On Nov. 4, Suffolk voters will be asked to tidy up the county charter.
Proposition No. 4 will ask them whether to combine the offices of county comptroller and treasurer.
Proposition No. 5 will ask them to settle a long running court fight by endorsing an agreement between the county and environmental groups.
Needless to say, the ballot language explaining all this can be very confusing.
But to cut through it, voters should consider that by combining two departments that deal with the county’s financial affairs, Suffolk should improve their administration, and, perhaps, save some money.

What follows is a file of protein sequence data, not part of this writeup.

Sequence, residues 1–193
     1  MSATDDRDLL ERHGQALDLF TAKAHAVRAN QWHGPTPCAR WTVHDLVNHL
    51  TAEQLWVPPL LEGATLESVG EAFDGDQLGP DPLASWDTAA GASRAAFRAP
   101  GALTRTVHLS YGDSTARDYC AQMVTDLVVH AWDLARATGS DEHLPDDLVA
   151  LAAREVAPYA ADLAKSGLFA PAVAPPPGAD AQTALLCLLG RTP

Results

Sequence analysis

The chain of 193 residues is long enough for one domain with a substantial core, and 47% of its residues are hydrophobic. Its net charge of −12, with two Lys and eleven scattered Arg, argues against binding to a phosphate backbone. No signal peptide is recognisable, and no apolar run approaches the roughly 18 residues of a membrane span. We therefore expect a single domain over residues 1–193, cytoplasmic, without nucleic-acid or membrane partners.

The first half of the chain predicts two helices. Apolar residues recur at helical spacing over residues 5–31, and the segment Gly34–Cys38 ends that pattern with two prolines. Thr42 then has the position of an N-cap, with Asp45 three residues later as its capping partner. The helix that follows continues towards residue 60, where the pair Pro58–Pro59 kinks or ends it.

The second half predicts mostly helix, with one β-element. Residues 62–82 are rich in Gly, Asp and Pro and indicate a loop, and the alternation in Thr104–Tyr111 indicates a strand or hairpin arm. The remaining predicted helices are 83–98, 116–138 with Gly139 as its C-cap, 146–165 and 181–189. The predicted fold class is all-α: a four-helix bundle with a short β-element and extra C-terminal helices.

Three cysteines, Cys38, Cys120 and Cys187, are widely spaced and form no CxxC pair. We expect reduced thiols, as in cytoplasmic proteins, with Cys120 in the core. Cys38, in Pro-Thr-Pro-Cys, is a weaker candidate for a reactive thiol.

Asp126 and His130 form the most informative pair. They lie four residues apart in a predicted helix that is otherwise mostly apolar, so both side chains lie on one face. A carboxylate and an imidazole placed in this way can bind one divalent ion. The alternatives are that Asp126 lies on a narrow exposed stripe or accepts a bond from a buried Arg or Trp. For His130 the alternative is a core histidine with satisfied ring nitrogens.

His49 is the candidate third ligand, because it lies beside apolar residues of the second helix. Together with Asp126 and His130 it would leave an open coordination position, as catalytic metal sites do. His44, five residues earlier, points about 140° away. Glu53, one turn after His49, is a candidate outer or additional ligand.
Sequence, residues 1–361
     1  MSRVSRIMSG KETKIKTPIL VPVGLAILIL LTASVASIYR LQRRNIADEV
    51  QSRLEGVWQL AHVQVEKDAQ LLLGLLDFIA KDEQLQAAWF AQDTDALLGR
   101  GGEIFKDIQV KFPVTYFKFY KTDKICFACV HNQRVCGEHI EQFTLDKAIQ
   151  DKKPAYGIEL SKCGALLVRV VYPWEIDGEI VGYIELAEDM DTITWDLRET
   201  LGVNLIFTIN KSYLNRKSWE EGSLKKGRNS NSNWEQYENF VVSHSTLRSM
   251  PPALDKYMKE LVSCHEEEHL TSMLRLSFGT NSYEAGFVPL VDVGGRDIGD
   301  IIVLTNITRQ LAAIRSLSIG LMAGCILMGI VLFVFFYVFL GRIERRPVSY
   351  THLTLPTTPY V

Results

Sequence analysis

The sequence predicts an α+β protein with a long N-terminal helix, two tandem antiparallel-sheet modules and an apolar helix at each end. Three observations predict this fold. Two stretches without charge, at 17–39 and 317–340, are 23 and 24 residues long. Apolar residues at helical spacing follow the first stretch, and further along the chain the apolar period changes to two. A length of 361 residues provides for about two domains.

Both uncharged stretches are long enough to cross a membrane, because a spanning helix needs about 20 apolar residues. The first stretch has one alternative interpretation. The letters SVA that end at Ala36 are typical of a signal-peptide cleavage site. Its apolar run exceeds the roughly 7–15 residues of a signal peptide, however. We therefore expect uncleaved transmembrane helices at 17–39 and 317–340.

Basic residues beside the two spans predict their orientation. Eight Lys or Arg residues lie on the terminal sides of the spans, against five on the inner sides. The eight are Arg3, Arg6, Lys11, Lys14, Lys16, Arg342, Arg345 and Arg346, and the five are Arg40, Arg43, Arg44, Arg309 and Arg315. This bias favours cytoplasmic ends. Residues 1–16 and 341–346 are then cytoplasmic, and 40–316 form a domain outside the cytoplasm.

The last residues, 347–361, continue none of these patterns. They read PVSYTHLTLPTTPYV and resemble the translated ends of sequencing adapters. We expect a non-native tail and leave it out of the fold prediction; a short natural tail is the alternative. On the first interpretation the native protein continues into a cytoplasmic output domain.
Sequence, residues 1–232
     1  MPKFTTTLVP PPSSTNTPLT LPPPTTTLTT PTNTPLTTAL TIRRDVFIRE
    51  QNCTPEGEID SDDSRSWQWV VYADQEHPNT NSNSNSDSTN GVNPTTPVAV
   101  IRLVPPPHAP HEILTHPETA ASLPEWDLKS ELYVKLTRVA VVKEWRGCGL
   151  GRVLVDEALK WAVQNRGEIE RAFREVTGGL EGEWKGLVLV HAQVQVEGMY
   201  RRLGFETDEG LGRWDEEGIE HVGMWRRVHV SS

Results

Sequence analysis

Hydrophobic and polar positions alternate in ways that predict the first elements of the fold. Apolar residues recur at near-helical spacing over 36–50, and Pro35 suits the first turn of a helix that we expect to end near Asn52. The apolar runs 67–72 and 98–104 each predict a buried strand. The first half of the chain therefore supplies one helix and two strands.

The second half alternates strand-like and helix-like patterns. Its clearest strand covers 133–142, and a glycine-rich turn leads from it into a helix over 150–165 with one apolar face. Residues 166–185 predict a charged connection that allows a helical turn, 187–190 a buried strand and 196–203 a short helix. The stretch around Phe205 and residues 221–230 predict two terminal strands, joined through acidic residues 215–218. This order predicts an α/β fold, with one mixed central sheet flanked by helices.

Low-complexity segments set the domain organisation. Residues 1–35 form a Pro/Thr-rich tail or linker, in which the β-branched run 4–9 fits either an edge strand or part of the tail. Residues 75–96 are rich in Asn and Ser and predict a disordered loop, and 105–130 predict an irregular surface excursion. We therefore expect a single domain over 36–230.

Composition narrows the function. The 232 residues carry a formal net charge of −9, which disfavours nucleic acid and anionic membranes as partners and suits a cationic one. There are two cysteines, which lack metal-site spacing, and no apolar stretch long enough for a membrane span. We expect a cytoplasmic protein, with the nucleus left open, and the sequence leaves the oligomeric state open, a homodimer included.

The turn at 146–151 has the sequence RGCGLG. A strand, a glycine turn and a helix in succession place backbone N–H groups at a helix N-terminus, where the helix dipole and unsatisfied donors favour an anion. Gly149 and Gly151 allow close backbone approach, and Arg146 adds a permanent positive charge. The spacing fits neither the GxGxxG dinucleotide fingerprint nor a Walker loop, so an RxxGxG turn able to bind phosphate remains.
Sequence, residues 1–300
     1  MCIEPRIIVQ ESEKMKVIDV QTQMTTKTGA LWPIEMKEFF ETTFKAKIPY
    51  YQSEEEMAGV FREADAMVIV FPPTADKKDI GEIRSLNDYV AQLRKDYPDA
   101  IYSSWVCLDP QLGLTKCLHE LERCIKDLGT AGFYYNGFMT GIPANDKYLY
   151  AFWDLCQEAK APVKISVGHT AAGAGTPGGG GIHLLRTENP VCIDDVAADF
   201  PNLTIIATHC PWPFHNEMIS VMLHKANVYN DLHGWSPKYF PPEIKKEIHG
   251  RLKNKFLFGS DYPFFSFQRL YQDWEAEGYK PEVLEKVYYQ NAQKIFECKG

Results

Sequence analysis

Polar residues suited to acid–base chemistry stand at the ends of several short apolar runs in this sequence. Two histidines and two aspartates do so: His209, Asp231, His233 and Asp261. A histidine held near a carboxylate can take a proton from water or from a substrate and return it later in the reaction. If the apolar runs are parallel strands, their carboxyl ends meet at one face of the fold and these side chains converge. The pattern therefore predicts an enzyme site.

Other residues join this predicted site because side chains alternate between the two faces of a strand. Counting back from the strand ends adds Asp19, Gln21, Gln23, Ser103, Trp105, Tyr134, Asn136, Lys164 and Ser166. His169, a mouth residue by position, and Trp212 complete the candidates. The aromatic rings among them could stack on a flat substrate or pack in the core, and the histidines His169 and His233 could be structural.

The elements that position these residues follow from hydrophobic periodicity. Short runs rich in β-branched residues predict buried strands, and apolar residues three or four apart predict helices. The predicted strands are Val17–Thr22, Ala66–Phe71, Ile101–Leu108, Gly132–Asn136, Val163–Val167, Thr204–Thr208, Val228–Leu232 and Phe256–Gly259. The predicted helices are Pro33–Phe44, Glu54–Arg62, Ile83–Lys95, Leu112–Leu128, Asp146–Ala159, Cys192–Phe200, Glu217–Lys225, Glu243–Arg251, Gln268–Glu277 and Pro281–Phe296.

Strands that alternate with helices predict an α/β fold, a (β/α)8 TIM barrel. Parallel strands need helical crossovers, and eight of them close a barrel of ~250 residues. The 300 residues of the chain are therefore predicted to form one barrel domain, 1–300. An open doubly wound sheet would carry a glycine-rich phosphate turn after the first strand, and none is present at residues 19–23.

The environmental proposition–which is quite convoluted–sets limits on the amount of money that the county can borrow from excess funds set aside to subsidize sewers. It also asks voters to set aside $29.4 million in new borrowing to protect groundwater.
The best part of this deal is that it finally settles a long running and needlessly costly court fight over whether old charter language approved many years ago permits or forbids all this.
So in the interest of clarifying language about how Suffolk manages its financial affairs and borrows money, we would recommend voters say yes to both charter changes.